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What to do if a building project goes wrong

Mention builders amongst your friends and you will no doubt hear a couple of horror stories. From works that took months longer than planned to dodgy work that had to be corrected everyone has a story or has heard one. Here’s what you can do if you run into problems with your building project.

Building works on your home are a huge source of stress and expense. For hat reason, if you are embarking on a building project, we would strongly recommend you get a building contract agreed in advance.

There are a number of building contacts available for you to adapt to your circumstances. Here at Homeowners Alliance we’ve put our name to the RIBA Domestic Building Contract. Unlike many other building contracts RIBA’s has been developed in consultation with us, builders and architects. This ensures it is fair to both you, as the client, and the builder, rather than skewed in favour of one or the other.

However, if you already have problems with building work it is too late to suggest a contract. The good news is you still have rights, they just aren’t quite as clear cut as if your builder breached a contract.

Your statutory rights

With building work, you are protected by three statutory rights, even if you have no contract or anything in writing. These are:

  • Reasonable care and skill
  • Reasonable time taken
  • Reasonable cost

If your builder hasn’t managed any of these then you can claim a breach of your statutory rights. This entitles you to terminate the contract and pay nothing further or seek your money back through the courts.

The problem is the phrase ‘reasonable’ is very much open to interpretation. Your idea of reasonable may be very different to your builder’s view of it.

What to do if there is a problem

If you are having problems with building work and think your statutory rights have been breached you need to complain to the builder. Try to keep things cordial and offer them the opportunity to remedy the problem. Make it clear what you would want them to do and when in order to resolve the issue. They may well offer to remedy the problem which could be acceptable unless you have a complete loss of faith in them. In that case you could seek your money back and damages to cover the cost of remedying the work through the courts.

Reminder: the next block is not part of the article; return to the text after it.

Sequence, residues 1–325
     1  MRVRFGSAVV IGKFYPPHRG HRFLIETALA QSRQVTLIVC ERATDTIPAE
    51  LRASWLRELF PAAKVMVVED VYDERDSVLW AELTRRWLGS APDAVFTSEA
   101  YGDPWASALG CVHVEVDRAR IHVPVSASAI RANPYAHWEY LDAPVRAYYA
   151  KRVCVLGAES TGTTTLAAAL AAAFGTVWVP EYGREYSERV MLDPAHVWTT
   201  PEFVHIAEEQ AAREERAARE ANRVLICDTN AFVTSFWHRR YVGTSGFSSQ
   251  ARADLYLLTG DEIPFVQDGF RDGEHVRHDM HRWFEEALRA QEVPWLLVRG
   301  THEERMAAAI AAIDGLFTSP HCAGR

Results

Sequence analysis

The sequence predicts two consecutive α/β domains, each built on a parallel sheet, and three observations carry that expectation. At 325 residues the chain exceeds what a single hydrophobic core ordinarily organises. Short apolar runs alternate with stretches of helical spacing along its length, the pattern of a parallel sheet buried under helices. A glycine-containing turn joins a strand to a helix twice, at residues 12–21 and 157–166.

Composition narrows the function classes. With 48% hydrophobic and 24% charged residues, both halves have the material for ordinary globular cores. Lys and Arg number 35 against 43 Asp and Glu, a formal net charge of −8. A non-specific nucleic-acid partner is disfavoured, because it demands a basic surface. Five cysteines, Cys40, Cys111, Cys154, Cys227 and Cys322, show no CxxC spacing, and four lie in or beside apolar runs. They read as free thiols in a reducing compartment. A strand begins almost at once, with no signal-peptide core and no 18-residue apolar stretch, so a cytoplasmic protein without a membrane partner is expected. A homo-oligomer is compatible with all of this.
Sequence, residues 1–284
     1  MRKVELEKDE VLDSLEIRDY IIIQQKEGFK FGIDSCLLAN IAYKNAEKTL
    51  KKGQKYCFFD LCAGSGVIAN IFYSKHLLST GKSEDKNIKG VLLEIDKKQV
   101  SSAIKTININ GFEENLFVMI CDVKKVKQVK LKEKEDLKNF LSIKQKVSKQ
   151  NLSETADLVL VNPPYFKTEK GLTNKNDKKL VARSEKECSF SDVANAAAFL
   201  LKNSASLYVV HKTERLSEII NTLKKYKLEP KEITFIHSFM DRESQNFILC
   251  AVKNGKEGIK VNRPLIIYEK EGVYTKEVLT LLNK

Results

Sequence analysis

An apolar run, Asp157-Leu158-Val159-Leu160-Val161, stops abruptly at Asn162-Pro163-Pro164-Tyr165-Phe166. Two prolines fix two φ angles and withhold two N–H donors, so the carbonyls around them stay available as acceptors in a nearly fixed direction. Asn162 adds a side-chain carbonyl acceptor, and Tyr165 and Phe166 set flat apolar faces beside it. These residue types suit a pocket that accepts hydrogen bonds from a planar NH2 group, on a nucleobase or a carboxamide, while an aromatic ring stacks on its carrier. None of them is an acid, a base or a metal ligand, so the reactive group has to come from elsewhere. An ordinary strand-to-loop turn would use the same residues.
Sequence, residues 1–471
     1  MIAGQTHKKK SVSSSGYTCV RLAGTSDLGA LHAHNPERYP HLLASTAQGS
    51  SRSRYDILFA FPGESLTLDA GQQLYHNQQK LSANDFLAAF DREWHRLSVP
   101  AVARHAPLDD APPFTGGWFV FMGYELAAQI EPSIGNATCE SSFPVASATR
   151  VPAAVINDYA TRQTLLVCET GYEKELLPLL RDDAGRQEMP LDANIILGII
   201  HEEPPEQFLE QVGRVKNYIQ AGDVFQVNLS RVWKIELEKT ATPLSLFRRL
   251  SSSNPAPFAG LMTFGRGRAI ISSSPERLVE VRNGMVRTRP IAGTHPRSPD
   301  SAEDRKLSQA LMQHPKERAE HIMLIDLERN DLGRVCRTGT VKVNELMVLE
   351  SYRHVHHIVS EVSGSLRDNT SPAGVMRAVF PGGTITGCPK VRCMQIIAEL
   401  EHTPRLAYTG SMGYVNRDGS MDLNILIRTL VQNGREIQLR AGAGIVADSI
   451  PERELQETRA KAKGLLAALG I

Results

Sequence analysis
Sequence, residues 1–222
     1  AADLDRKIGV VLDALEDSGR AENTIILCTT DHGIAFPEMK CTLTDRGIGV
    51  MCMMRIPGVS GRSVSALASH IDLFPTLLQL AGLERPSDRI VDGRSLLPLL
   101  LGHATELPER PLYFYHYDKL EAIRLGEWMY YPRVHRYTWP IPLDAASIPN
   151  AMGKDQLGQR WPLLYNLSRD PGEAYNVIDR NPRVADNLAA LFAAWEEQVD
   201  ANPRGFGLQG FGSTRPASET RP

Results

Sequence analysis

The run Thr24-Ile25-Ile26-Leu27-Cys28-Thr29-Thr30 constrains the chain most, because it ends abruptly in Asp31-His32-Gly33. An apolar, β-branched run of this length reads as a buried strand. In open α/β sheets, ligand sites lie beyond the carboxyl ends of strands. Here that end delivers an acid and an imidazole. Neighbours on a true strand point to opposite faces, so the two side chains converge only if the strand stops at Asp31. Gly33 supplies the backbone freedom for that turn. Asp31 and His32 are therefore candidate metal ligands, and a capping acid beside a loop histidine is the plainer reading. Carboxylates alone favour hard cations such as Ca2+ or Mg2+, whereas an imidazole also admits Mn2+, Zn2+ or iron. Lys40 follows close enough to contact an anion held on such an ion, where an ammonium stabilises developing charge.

If you end up taking your builder to court, you will need to be able to provide evidence of the problem. This is why it is always a good idea to take pictures of building work throughout the project and also keep a diary of when things are done.

Where you are bringing a case on the basis that your builder hasn’t done the job with reasonable care or skill you also need to make it clear that you are rejecting the work. If you don’t do this promptly the court could decide you were partially satisfied and only offer you a part refund.


Before you start another building project – or get someone in to fix the problems caused by the first builder – make sure you get a Building Contract. These can be done online with both you and the builder able to make amendments until you are both happy.

Make sure you contract covers:

  • The cost and when you will make payments. Pay in stages and when building work is completed rather than specific dates. For example, a payment when the foundations are complete etc.
  • Exactly what you are paying for
  • Timescales – start and finish dates and what happens if there is a delay
  • Who is paying for materials
  • Who is responsible for tidying up and paying for any skips needed
  • What happens in the event of a dispute

RIBA contracts are available for just £42 (electronic version) or £30 for paper copy (including VAT) or you can read more about the building contracts in our guide.


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1 Comment

  1. ive asked about issues with maintenance contractors before and have had no response lately ive even got ombudsman case going no response.
    What are my rights going to press with photographic evidence?

    Comment by Jacqueline Denise Gunning — April 14, 2019 @ 10:39 am

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